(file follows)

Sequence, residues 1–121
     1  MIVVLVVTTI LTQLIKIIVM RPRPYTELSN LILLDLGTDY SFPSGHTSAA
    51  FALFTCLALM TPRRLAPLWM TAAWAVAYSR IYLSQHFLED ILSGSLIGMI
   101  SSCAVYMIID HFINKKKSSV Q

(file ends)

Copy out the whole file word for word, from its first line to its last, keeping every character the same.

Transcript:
Sequence, residues 1–121
     1  MIVVLVVTTI LTQLIKIIVM RPRPYTELSN LILLDLGTDY SFPSGHTSAA
    51  FALFTCLALM TPRRLAPLWM TAAWAVAYSR IYLSQHFLED ILSGSLIGMI
   101  SSCAVYMIID HFINKKKSSV Q